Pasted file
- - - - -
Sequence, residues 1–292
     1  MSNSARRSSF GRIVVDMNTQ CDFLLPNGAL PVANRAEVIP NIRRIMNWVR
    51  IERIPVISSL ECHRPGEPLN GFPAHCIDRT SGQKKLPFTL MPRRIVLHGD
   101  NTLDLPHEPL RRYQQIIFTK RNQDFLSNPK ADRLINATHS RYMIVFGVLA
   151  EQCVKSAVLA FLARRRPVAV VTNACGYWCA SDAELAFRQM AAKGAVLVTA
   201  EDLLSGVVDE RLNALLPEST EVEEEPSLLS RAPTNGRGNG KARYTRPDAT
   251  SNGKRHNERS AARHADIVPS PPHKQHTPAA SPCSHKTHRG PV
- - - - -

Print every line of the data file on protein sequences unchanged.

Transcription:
Sequence, residues 1–292
     1  MSNSARRSSF GRIVVDMNTQ CDFLLPNGAL PVANRAEVIP NIRRIMNWVR
    51  IERIPVISSL ECHRPGEPLN GFPAHCIDRT SGQKKLPFTL MPRRIVLHGD
   101  NTLDLPHEPL RRYQQIIFTK RNQDFLSNPK ADRLINATHS RYMIVFGVLA
   151  EQCVKSAVLA FLARRRPVAV VTNACGYWCA SDAELAFRQM AAKGAVLVTA
   201  EDLLSGVVDE RLNALLPEST EVEEEPSLLS RAPTNGRGNG KARYTRPDAT
   251  SNGKRHNERS AARHADIVPS PPHKQHTPAA SPCSHKTHRG PV